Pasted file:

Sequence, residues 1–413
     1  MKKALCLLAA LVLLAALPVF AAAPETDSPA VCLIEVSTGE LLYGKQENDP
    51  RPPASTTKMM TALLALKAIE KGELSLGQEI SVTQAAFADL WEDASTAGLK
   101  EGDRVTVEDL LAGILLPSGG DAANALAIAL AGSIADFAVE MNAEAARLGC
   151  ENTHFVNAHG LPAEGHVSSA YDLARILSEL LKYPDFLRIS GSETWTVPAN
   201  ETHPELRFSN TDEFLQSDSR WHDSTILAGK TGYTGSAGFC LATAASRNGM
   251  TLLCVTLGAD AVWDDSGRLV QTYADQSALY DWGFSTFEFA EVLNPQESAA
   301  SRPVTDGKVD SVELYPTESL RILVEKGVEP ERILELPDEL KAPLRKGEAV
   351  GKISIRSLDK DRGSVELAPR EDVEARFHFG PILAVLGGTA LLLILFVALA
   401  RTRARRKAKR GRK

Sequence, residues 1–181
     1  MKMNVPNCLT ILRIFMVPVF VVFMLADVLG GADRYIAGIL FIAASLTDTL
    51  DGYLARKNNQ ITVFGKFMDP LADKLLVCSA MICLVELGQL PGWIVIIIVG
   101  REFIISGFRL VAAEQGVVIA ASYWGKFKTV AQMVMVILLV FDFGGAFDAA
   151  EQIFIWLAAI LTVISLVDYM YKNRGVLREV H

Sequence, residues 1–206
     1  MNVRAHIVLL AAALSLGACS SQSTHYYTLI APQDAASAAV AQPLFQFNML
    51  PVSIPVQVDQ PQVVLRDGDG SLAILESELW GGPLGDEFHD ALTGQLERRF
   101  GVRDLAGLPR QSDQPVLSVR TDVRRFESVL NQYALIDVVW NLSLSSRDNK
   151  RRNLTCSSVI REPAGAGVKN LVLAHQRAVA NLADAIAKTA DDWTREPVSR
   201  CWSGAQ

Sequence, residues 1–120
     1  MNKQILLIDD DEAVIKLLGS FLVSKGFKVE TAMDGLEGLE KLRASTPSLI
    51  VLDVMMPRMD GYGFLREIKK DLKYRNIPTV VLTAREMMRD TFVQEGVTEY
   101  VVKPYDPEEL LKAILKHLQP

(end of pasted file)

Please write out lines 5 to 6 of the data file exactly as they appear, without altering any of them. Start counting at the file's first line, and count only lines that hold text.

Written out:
   151  ENTHFVNAHG LPAEGHVSSA YDLARILSEL LKYPDFLRIS GSETWTVPAN
   201  ETHPELRFSN TDEFLQSDSR WHDSTILAGK TGYTGSAGFC LATAASRNGM